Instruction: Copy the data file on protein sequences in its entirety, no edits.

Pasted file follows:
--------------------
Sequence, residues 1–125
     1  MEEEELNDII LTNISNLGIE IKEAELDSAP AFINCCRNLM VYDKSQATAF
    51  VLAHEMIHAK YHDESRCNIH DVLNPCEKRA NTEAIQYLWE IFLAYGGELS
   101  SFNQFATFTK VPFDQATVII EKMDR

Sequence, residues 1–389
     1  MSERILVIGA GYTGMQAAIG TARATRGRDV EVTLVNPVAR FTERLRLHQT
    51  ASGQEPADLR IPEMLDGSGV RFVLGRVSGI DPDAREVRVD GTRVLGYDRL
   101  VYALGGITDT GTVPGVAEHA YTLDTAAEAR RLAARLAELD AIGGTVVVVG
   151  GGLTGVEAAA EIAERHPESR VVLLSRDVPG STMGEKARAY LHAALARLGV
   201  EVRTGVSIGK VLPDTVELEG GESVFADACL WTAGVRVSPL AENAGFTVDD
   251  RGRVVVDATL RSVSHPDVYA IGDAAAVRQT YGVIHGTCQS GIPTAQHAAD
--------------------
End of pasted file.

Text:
Sequence, residues 1–125
     1  MEEEELNDII LTNISNLGIE IKEAELDSAP AFINCCRNLM VYDKSQATAF
    51  VLAHEMIHAK YHDESRCNIH DVLNPCEKRA NTEAIQYLWE IFLAYGGELS
   101  SFNQFATFTK VPFDQATVII EKMDR

Sequence, residues 1–389
     1  MSERILVIGA GYTGMQAAIG TARATRGRDV EVTLVNPVAR FTERLRLHQT
    51  ASGQEPADLR IPEMLDGSGV RFVLGRVSGI DPDAREVRVD GTRVLGYDRL
   101  VYALGGITDT GTVPGVAEHA YTLDTAAEAR RLAARLAELD AIGGTVVVVG
   151  GGLTGVEAAA EIAERHPESR VVLLSRDVPG STMGEKARAY LHAALARLGV
   201  EVRTGVSIGK VLPDTVELEG GESVFADACL WTAGVRVSPL AENAGFTVDD
   251  RGRVVVDATL RSVSHPDVYA IGDAAAVRQT YGVIHGTCQS GIPTAQHAAD